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silver tooth crown

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posted on Oct, 13 2015 @ 07:54 PM
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anyone know of dentists are still doing this?

have not been to the dentist in a bit. not too hip to them.
anyway

about 8 years ago i got my front tooth busted out. half of it actually. i guess the tooth was 'dead' inside so i had a root canal and they put a temp crown on it. i got molded and was supposed to go get the perm crown and i never did.
so 8 years down the line the tooth is a bit discolored and there is a ridge through the middle large enough to snag my finger nail on and i am afraid it is going to pop off one of these days.

im going to make an appointment to get a perm crown done on it but i want a silver one. was curious if anyone knows if this is still being done and is it a serious procedure.

thanks all




posted on Oct, 13 2015 @ 08:03 PM
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a reply to: TinySickTears

I think they stopped doing those long ago (mercury fillings).

They drilled all of mine out from the 80's and replaced with white ceramic materials.



posted on Oct, 13 2015 @ 08:06 PM
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originally posted by: infolurker
a reply to: TinySickTears

I think they stopped doing those long ago (mercury fillings).

They drilled all of mine out from the 80's and replaced with white ceramic materials.



im not talking about a filling. the tooth in question has already been rooted out. they screwed a post in and fit it with some kind of ceramic temp cap and used a uv gun to cure it.
you might be right but im not talking about getting it filled. i want to get it capped.


like a veneer type of deal
edit on 13-10-2015 by TinySickTears because: (no reason given)



posted on Oct, 13 2015 @ 08:07 PM
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a reply to: TinySickTears

Do they use silver? I think the choice is silvery looking as opposed to gold or ceramic. Silver oxidizes in the presence of moisture.

It would turn green, mmm, I think.

Leastways…

Linky



posted on Oct, 13 2015 @ 08:12 PM
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Dentists still use amalgam - they prefer to use in those cases where the tooth is in heavy use and can't be cleaned easily (molar, close to the gum, at the back).



posted on Oct, 13 2015 @ 08:17 PM
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a reply to: TinySickTears

Oh yeah, they usually install a post into the dead tooth, saw the thing off at the gum line and fit you for a ceramic / porcelain crown. They will stick a temp on it from regular whitish filling material and send away for the permanent crown. Usually takes a week and you go back, they yank the temp off and screw in and glue the permanent crown in.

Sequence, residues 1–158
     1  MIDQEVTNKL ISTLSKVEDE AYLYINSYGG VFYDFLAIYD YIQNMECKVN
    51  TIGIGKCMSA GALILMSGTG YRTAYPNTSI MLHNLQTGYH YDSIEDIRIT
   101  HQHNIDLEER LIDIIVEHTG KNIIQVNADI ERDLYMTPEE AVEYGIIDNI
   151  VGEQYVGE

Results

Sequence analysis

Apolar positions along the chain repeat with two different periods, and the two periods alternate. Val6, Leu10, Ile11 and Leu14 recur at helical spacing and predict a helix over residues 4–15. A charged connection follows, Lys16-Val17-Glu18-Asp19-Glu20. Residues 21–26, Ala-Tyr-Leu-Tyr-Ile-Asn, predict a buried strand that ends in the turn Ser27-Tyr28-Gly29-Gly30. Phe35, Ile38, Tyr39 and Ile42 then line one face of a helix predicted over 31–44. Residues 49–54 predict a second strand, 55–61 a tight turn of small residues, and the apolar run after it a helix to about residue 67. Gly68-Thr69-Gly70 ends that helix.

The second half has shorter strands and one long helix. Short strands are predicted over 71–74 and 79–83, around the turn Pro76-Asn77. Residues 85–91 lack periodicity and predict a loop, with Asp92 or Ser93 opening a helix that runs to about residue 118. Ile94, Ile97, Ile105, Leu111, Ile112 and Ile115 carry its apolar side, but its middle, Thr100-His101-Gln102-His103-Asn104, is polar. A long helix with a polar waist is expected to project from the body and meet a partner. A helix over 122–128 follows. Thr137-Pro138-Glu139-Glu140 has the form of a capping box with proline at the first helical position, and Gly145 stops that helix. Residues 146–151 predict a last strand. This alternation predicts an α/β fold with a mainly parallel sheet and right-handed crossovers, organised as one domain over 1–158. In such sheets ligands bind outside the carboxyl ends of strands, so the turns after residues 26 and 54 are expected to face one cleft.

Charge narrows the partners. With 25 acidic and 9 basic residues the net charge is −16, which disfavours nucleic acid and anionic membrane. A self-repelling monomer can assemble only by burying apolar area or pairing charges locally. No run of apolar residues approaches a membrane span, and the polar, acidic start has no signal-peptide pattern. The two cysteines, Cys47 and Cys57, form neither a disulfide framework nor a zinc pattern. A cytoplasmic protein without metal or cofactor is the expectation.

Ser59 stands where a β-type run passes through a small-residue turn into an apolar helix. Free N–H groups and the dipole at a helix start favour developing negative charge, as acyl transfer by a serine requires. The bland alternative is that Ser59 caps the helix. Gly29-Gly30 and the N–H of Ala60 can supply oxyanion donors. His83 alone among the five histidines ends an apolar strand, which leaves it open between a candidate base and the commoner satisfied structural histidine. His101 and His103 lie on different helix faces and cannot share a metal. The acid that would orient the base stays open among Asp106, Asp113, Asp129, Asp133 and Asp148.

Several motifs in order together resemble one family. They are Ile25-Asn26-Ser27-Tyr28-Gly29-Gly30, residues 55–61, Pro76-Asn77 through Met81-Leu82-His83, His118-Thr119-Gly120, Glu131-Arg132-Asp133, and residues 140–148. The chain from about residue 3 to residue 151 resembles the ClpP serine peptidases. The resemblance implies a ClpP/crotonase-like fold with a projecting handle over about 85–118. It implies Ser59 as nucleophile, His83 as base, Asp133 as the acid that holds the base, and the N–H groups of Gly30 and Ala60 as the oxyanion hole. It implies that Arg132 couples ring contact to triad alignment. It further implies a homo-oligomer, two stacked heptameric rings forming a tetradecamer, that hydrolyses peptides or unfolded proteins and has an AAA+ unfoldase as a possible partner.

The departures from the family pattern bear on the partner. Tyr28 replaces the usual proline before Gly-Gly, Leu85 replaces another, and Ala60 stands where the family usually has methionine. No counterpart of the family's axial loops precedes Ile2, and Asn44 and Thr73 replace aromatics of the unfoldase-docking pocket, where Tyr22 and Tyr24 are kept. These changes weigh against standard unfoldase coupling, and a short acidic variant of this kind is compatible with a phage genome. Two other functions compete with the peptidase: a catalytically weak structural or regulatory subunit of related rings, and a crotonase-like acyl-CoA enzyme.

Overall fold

Will probably cost about $400 out of pocket after insurance picks up about half. I have had a few done. Will be much more if they have to re-root canal the tooth though. Hope they sealed it inside.



posted on Oct, 13 2015 @ 08:21 PM
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a reply to: intrptr
Silver crowns are typically stainless steel and intended to be temporary in nature.



posted on Oct, 13 2015 @ 08:33 PM
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a reply to: Nickn3

Thank you. I get teeth pulled when they go bad, they been bothering me my whole life, good riddance.

Call me gummy…



posted on Oct, 13 2015 @ 09:17 PM
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a reply to: TinySickTears
Yes, we can still make a "silver" crown, provided that the remaining tooth structure is sound enough to support/retain the casting.
It will not be metallic silver, since as previously posted silver alloys tend to tarnish in short order.
Instead, the crown can be made by casting in a non precious or semi precious silver colored alloy, which is then cemented or bonded to the prepared tooth. You will have to see your dentist to evaluate the tooth for a number of factors as mentioned above, as well as several other factors prior to preparation and creation of the crown (including periodontal status, adequacy of root canal fill, etc)

Bottom line: if it is beginning to crack, don't put it off!!
Cheers!.



posted on Oct, 13 2015 @ 11:15 PM
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I have a molar that was capped with a silver like crown. I guess it's supposed to be temporary, but I haven't changed it yet. My youngest likes my "pirate tooth" and giggles when I smile big and show her!




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